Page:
Community//

Sammy Courtright of Ten Spot: “Cameras and mics on for attendees”

Cameras and mics on for attendees. Now this does entirely depend on the type of event you’re hosting but there is nothing better than engaging with attendees. This is an opportunity for people to connect with one another. Perhaps you allocated a four-minute social block where you create breakout groups for attendees to turn on […]

The Thrive Global Community welcomes voices from many spheres on our open platform. We publish pieces as written by outside contributors with a wide range of opinions, which don’t necessarily reflect our own. Community stories are not commissioned by our editorial team and must meet our guidelines prior to being published.

Cameras and mics on for attendees. Now this does entirely depend on the type of event you’re hosting but there is nothing better than engaging with attendees. This is an opportunity for people to connect with one another. Perhaps you allocated a four-minute social block where you create breakout groups for attendees to turn on their cameras and microphones and converse with each other. As a reminder, it is always helpful to provide an icebreaker in these situations to spark the conversation.


As a part of our series about “5 Things You Need To Know To Successfully Run a Live Virtual Event”, I had the pleasure of interviewing Sammy Courtright.

Hailing from Australia, Sammy Courtright is the co-founder and Chief Brand Officer of Ten Spot, an all-in-one platform that helps companies connect, engage and manage remote and on-site employees.

After finding it frustrating to stay healthy in a typical 9-to-5 environment, Sammy and her co-founder, Jonathan Cohn, teamed up in 2014 to create Fitspot, whose mission was to deliver wellness where employees needed it the most — at work. Renamed Ten Spot in 2020, the company not only rebranded to expand beyond wellness, but now offers a centralized solution for companies to increase their productivity, boost retention and build a strong culture.

When COVID hit, Sammy learned that customers were facing a similar issue: how do we ensure employees feel like they work for the same company when they are not in the same place? Through research, she discovered that leadership was struggling to manage distributed teams. This led to Ten Spot’s expansion to the workforce engagement platform it is today.

With a BA in Fine Arts from the University of Miami, Sammy is a certified Pilates instructor who brings a blend of grit and imagination to the zillions of tasks that confront every startup. While she wears many hats, Sammy’s passion for building culture has created an atmosphere at Ten Spot dedicated to positive thinking and collaboration.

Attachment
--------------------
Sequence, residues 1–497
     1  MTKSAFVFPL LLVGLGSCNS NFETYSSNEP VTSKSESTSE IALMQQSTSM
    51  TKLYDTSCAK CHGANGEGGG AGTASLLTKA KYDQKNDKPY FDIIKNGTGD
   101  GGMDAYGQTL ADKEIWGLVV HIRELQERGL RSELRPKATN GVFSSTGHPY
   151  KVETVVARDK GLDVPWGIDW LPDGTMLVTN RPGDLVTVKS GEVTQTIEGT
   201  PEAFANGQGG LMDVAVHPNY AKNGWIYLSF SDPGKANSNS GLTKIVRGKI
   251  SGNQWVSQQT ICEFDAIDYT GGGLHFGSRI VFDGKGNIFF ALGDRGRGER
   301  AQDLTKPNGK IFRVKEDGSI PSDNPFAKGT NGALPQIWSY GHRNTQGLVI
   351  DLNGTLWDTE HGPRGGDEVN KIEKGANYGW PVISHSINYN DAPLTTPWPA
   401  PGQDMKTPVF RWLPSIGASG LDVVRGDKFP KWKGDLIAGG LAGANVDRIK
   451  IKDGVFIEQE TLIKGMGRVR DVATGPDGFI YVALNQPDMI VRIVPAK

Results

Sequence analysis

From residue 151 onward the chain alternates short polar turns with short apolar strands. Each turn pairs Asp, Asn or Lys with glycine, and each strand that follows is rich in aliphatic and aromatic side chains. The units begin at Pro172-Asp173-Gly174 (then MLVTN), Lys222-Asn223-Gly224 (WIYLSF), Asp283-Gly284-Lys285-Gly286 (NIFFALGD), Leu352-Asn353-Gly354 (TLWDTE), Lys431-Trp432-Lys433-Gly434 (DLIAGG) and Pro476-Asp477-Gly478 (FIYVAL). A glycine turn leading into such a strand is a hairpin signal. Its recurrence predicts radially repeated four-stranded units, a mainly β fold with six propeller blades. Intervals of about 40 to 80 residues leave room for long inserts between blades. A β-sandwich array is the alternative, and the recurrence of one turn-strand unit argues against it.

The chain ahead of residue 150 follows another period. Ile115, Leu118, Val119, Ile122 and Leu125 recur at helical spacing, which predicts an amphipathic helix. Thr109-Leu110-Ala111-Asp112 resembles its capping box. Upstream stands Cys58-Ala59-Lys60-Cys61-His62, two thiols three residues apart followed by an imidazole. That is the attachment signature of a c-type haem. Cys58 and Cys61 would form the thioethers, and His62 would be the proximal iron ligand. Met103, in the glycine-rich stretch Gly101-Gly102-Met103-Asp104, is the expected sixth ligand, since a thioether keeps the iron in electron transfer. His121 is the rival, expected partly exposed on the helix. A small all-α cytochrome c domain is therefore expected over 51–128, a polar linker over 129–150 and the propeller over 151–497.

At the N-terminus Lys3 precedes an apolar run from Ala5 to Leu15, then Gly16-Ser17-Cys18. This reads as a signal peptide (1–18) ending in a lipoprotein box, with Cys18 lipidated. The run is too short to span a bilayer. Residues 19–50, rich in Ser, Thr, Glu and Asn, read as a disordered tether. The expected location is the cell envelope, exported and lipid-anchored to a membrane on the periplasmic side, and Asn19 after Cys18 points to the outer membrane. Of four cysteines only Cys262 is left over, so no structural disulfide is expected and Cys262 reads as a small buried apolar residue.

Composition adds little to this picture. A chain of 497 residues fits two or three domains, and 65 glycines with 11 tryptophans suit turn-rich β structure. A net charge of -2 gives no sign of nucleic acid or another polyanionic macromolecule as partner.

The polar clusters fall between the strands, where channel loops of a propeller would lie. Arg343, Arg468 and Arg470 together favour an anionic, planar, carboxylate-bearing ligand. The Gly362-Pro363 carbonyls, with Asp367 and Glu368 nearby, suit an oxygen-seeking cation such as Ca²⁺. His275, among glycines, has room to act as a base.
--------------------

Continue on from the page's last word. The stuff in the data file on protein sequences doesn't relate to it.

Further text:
Thank you so much for joining us in this interview series! Before we dive in, our readers would love to learn a bit more about you. Can you tell us a bit about your “childhood backstory”?

I moved around a lot as a kid; born in London, moved to Holland then Texas, Australia and eventually made my way back to the U.S. for college. Growing up, I enjoyed having everyone together and being close, and would always put on talent shows, host movie nights or come up with any reason or excuse to get my friends and family together.

Can you tell us the story of what led you to this particular career path?

I’ve always been very creatively inclined, and in school, I studied theatre. However, at the same time, there’s always been part of my brain hyper-focused on solving problems.

Anytime I go into a restaurant or a store, I find myself thinking about all the ways it could be more efficient and scalable, and have even emailed the owners with my ideas (I know, I am that person). That is how I met Jon, my co-founder. Mutual friends introduced us and once I heard about what he was working on, I started telling him all the ideas I had to make it scale.

Can you share a story about the funniest mistake you made when you were first starting? Can you tell us what lesson you learned from that?

When we first launched our business, we offered a live experience that we hadn’t tried before. We partnered with a local animal shelter to offer ‘live puppy yoga’ for a corporate customer. The idea was to have a 45-minute outdoor yoga class with the puppies followed by a 30-minute playtime to allow attendees to adopt the animals. Naturally, as puppies do, they went crazy. They were running around, barking, peeing everywhere. Let’s just say it wasn’t a peaceful yoga class.

I quickly learned that you need to prepare for all scenarios. Even though it can take weeks to plan an event, there is a need for agility so you can adapt in real-time.

Is there a particular book, podcast, or film that made a significant impact on you? Can you share a story or explain why it resonated with you so much?

A great book out there is “Never Split the Difference” (Chris Voss) because there are skills you can learn outside of any formal education, and negotiation is one of those.

It’s one of the best books I’ve read over the last few years because negotiation comes in all shapes and sizes and occurs in all types of everyday situations–whether we realize it or not. I’ve learned so many invaluable techniques. I am mad I didn’t read this earlier in my career (*cue time machine*.)

Can you please give us your favorite “Life Lesson Quote”? Can you share how that was relevant to you in your life?

“Life is inherently risky. There is only one big risk you should avoid at all costs, and that is the risk of doing nothing.” — Denis Waitley.

It is not easy running an early-stage company. I am, ironically, quite risk-averse. This quote reminds me to always take the plunge, make the tough decision, and speak up because any path taken involves risk.